In the town, the population was spread out, with 23.6% under the age of 18, 5.6% from 18 to 24, 29.9% from 25 to 44, 24.0% from 45 to 64, and 16.9% who were 65 years of age or older. The median age was 40 years. For every 100 females, there were 89.4 males. For every 100 females age 18 and over, there were 85.2 males.
The median income for a household in the town was $109,260, and the median income for a family was $132,904. Males had a median income of $52,216 versus $40,755 for females. The per capita income for the town was $43,510. About 5.2% of families and 7.2% of the population were below the poverty line, including 4.7% of those under age 18 and 9.5% of those age 65 or over.
Canton has the open town meeting form of government. Annually each spring, and as necessary, the voters gather to discuss matters such as zoning, schools, public works, recreational facilities, the budget, taxes and bond issues.
Property taxes on residential and other land, buildings and improvements, and transfers from the state government, are two important sources of revenue for the town.
The five elected members of the Board of Selectmen oversee the day-to-day operations of the town government.
The Planning Board approves new town subdivisions, reviews site plans for commercial development, oversees the towns scenic ways, drafts and approves a town wide master plan, and statutorily provides recommendations to Town Meeting regarding zoning and development.
The Finance Committee studies the financial affairs of the town, advises and make recommendations to the Town Meeting on the budget and other areas with fiscal implications and serves as the fiscal watchdog for the voters.
Interstates 93, 95, and Massachusetts Route 128 diverge in Canton. I-93 goes east, then north into Boston, from which it continues north into New Hampshire. I-95 is locally a beltway that skirts Boston to the west, continues circling Boston until it is north of the city, then goes north through New Hampshire and ends in Maine. South of Canton, it leads to Providence, Rhode Island, Connecticut, New York City, Washington, D.C. and ultimately to Miami, Florida.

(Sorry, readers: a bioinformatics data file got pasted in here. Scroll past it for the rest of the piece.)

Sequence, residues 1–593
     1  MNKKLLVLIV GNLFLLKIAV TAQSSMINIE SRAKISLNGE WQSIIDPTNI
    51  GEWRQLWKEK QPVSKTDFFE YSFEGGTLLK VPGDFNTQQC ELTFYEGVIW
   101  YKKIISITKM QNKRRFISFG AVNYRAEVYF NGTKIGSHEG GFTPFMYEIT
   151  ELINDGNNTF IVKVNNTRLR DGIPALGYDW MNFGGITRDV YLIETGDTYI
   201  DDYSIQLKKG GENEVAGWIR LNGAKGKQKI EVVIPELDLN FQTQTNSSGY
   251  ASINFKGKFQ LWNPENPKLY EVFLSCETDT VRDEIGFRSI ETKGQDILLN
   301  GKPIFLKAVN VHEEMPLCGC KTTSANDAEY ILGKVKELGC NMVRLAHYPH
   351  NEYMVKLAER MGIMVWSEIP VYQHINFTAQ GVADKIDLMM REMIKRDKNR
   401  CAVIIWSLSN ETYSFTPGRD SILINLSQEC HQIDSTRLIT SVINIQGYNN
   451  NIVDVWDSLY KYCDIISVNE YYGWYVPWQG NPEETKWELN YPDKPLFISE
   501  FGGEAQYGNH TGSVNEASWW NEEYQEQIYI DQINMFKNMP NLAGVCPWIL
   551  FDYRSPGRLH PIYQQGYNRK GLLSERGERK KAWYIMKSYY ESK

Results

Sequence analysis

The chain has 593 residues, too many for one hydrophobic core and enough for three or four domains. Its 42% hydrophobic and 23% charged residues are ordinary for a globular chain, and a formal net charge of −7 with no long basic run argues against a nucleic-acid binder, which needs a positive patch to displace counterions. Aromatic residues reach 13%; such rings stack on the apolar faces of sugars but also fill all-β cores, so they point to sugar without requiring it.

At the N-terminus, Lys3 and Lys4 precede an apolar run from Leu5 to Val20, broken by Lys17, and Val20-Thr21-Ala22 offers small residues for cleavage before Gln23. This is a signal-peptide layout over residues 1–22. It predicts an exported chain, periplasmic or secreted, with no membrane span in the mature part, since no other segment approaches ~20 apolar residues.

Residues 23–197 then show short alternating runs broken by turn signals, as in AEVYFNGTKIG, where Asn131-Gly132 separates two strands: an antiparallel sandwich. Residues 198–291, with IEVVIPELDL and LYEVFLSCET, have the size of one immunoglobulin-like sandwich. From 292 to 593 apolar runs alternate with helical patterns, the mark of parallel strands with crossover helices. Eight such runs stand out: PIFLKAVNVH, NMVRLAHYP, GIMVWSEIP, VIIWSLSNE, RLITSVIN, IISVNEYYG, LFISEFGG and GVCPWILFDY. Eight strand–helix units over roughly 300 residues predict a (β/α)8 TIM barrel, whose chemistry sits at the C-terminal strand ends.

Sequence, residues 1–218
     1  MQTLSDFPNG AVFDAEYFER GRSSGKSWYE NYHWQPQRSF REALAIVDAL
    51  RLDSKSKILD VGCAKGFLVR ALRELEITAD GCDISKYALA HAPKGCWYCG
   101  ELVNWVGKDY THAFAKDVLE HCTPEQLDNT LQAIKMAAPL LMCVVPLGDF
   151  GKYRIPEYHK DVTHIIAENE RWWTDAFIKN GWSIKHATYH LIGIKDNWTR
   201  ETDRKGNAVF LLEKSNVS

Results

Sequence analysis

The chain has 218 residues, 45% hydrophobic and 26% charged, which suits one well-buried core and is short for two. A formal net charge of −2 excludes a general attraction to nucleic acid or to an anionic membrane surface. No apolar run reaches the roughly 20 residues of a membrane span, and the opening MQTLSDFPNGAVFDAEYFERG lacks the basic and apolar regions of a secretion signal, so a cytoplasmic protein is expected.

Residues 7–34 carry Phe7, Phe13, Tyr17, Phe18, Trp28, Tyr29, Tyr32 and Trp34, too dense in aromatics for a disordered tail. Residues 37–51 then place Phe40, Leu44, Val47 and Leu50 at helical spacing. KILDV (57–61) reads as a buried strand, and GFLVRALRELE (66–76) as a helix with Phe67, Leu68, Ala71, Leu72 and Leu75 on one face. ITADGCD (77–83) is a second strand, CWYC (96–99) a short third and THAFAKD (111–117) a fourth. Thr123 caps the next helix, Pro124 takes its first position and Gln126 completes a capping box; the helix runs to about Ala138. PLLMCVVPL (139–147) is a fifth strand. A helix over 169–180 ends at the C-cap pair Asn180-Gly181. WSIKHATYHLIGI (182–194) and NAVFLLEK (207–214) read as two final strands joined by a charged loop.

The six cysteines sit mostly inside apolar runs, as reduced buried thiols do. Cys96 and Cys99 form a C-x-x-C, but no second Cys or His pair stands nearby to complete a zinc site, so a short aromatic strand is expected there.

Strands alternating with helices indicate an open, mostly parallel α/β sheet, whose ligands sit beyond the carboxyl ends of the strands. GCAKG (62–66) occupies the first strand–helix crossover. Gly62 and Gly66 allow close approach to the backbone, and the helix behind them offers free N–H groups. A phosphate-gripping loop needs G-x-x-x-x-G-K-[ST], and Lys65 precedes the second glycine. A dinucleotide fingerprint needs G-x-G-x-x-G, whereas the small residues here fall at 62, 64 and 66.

Route 138 has a cloverleaf interchange with Route 93 in Canton near Great Blue Hill. From Canton, it goes north into Milton, then enters Boston in the Mattapan section. South of Canton, it travels to Stoughton, continuing into Rhode Island, through Newport and ending in southwest RI.
Route 24 is a divided, limited-access highway that originates at Route 93 in Randolph, just east of Canton. From there, it goes south through the easternmost corner of Canton, running roughly parallel to Route 138 as far as Portsmouth, Rhode Island.
MBTA commuter rail trains on the Providence/Stoughton Line pass through Canton. Some stop at Canton Junction. This line crosses the Neponset River on the Canton Viaduct, a prominent local landmark. Route 128 Station in neighboring Westwood also carries many Canton commuters into Boston. Amtrak trains (including the Acela Express high-speed trains) also stop at Route 128, but pass through Canton without stopping. Of note, on March 25, 2008 a runaway box car crashed into a MBTA train at Canton Junction station injuring 150 people on board.
Another line branches into Stoughton, stopping at Canton Center.
Bus service is available to Mattapan Station in the MBTA system.
Canton once had an airfield, but it closed down in 1970. Norwood Memorial Airport is the closest airport to Canton. For scheduled air service, residents go to Boston’s Logan International Airport or to T. F. Green Airport in Rhode Island.
Owning a home is a keystone of wealth… both financial affluence and emotional security.Suze Orman